The New England Journal of Medicine – A recent study by researchers from the University of California, San Diego and the Allen Institute for Brain Science in Seattle, have found that patchy changes in the developing brain long before birth may cause symptoms of autism spectrum disorder (ASD).
US scientists analysed post-mortem brain tissue of 22 children aged between two and 15 years of age, with and without autism.
The researchers used used genetic markers to look at the brain cortex. Abnormalities were found in 90% of the children with autism, 10% were found in children without ASD.
The scientists also believe that the scattered pattern of the undeveloped cells may explain the wide range of symptoms seen in children.
Prof Eric Courchesne, a neuroscientist at the University of California San Diego said that finding that the defects occur in patches rather than across the entirety of cortex gives hope as well as insight about the nature of autism.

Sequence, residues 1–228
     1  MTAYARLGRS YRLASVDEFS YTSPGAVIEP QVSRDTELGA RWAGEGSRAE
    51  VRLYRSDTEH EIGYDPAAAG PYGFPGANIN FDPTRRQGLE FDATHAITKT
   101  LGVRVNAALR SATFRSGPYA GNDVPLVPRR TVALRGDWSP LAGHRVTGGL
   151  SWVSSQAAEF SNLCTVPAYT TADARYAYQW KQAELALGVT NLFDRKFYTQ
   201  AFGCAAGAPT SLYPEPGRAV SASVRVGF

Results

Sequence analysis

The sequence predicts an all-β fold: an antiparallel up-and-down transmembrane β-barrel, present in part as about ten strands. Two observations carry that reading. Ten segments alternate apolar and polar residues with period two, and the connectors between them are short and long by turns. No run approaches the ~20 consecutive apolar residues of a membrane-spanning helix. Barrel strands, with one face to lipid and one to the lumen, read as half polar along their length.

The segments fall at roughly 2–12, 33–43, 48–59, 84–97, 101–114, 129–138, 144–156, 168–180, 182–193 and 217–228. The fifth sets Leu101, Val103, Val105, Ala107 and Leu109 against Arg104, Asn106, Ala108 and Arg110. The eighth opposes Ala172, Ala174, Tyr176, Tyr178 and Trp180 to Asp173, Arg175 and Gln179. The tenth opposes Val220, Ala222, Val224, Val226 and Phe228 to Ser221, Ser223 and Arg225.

The defects found occurred in regions that control emotion, communication, language and social comprehension, all of these functions are impaired in autism.
Carol Povey, director of the National Autistic Society Centre for Autism, said:
“Better understanding of the early brain development of children with autism could help us find new and more effective ways to support the estimated 700,000 people living with the condition across the UK,”
This study seems to support previous research findings but the sample is small and further research and investigation is required.